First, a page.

Published October 14, 2013
A nurse’s observation that taking the time to talk to patients about their treatment might be keeping their heart attack patients alive longer led to an important finding. As recently reported at the Acute Cardiac Care Congress in Madrid, Spain, psychological interventions reduced deaths and cardiovascular events in heart disease patients by half.
"The nurses on our coronary care unit observed that patients were less likely to have another heart attack, die, or return to hospital when we talked to them about their treatment, played music for them or helped religious patients to say prayers,” said Dr. Zoi Aggelopoulou, a nurse and one of the authors of the study conducted in Athens, Greece.
Wanting to pursue the connection further, she and her co-authors conducted a meta-analysis of nine randomized, controlled trials that included more than 6,600 patients. The studies looked at whether psychological interventions improved outcomes of patients with coronary heart disease when combined with a conventional rehabilitation program.
The studies included a range of interventions such as talking to patients and their families about their health, psychological support, relaxation and breathing techniques, diet and exercise, music therapy, group cognitive therapy and helping them to say prayers.
The analysis found that adding these interventions to standard care reduced mortality and cardiovascular events by 55 percent after two years or more. The benefits were not significant during the first two years.
“This was a sufficiently large sample that showed that the addition of a psychological intervention, introduced in the regular treatment of patients with coronary heart disease, seems to reduce mortality and recurrence of cardiac episodes,” said Aggelopoulou.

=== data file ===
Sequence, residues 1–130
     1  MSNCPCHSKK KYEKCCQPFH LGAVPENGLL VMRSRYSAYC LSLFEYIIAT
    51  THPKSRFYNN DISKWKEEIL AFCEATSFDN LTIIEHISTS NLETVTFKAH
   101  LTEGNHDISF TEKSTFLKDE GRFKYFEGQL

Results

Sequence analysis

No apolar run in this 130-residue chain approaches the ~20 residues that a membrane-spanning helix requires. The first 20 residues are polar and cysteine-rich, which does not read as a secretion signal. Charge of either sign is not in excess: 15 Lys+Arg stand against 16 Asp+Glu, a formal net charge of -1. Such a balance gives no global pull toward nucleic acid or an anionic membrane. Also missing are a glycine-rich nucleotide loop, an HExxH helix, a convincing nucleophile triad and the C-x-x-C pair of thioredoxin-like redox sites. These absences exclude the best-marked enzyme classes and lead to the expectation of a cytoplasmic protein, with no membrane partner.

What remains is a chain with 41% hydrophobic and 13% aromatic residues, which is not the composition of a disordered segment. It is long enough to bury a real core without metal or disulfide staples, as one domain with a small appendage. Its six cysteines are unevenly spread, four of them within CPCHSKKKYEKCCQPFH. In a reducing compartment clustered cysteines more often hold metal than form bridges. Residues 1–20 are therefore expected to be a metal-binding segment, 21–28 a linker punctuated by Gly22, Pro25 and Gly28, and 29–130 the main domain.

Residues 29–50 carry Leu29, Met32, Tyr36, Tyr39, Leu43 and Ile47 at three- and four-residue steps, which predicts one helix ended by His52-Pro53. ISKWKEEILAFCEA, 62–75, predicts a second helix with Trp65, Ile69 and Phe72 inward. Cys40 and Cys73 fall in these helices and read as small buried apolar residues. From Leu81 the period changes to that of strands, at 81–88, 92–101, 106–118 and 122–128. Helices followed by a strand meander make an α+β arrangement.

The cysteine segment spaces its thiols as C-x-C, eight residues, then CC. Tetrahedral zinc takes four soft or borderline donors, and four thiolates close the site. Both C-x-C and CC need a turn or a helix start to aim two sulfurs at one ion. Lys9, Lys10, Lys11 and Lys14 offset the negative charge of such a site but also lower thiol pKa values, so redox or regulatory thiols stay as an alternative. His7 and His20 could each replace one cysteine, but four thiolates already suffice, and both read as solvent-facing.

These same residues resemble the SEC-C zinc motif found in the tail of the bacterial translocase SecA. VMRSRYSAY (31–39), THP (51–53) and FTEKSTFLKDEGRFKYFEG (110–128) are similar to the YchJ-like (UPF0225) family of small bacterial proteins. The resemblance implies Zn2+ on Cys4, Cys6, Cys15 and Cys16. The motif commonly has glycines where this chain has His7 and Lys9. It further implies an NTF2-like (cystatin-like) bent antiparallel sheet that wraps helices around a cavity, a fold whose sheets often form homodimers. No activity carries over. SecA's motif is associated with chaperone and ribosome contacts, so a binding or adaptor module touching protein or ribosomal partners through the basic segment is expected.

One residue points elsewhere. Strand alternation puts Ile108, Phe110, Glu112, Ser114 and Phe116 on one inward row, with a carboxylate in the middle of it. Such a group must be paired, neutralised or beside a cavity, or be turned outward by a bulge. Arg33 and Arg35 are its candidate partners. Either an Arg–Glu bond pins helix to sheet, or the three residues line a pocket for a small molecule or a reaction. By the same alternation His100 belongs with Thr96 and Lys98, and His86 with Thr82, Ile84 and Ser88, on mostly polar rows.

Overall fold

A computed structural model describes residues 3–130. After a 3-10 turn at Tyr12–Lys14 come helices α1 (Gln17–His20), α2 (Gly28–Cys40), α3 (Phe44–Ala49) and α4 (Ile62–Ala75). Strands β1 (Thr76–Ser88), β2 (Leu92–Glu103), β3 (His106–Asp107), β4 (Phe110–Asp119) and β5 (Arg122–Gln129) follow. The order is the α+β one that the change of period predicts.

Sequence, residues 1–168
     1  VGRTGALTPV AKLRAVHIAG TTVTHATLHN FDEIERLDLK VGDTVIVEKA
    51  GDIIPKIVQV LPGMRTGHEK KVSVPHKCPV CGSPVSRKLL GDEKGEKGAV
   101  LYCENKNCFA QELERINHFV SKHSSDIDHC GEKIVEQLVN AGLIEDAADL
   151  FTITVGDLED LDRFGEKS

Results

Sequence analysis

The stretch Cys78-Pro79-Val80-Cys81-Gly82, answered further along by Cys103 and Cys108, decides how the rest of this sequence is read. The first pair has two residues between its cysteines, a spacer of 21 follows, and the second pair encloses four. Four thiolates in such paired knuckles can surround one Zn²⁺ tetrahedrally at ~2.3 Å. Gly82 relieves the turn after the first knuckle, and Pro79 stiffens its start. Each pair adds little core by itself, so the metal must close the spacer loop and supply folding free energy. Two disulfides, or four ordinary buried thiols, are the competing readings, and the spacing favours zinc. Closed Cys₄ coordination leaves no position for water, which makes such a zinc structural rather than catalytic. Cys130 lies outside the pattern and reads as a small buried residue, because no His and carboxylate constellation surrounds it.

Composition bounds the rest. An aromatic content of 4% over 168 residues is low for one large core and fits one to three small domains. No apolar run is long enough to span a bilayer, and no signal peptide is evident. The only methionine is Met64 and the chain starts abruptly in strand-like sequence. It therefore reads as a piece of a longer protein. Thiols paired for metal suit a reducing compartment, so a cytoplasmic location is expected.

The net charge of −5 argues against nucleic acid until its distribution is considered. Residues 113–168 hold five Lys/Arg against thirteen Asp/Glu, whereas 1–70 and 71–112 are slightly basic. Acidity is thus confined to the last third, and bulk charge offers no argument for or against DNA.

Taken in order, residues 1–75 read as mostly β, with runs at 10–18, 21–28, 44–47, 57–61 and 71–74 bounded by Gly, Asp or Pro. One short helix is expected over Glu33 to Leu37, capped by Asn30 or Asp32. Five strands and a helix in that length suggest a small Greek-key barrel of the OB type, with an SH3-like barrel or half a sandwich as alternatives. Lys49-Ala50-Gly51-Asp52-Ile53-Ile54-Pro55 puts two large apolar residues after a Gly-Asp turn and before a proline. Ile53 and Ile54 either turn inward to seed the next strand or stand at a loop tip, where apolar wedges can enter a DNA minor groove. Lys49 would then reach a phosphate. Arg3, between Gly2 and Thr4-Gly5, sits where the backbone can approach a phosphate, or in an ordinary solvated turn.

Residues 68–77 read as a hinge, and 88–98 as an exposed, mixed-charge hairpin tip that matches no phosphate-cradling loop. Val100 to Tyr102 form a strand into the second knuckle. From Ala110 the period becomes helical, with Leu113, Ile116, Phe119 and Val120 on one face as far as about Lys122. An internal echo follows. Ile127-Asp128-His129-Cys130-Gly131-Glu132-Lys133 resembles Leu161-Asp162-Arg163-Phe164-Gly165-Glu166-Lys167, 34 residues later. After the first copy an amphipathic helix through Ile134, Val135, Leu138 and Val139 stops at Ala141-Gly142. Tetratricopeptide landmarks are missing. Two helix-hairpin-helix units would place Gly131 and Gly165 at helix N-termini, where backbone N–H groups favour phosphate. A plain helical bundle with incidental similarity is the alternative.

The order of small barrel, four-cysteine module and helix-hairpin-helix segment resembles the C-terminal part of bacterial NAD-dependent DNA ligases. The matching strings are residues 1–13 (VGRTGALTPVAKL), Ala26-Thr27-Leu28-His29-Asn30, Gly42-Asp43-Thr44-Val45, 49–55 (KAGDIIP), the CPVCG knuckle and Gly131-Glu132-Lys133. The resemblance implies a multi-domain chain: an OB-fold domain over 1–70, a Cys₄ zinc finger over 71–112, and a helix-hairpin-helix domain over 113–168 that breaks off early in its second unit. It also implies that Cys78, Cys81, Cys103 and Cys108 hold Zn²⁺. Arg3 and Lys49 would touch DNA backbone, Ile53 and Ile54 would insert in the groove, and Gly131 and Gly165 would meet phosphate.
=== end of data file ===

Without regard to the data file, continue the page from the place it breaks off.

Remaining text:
She attributed the benefits to the patients having a greater understanding of what will happen to them and what they need to do to improve their health. This makes patients more likely to adhere to any behavioral changes they need to make.
Talking with patients while they are in the hospital and feeling vulnerable, she said, helps them feel more relaxed and less worried about survival from a major life-threatening event. Music therapy, prayers and support from the health team also have a positive effect.
“These psychological interventions can help reduce cardiac events in heart disease patients as they can reduce stress and depression of patients,” said Aggelopoulou.
Prior research has shown that depression, social isolation, chronic stress and low socioeconomic status can influence the likelihood of having a heart attack in the first place.
Though the authors say more research is needed, they recommend that patients ask more questions and get more involved in decisions about their treatment. They may also want to participate in stress-reduction activities after they recover.
“If they know that these interventions can reduce mortality and recurrence of cardiac episodes they will be much more likely to engage in them,” Aggelopoulou said.
Family members can also help by encouraging the heart patient to take part in these activities.
The researchers concluded that psychological interventions should be incorporated into the rehabilitation of patients with coronary heart disease.
"We can help our patients by simply talking to them or introducing new things like music therapy into our clinical practice,” said Aggelopoulou.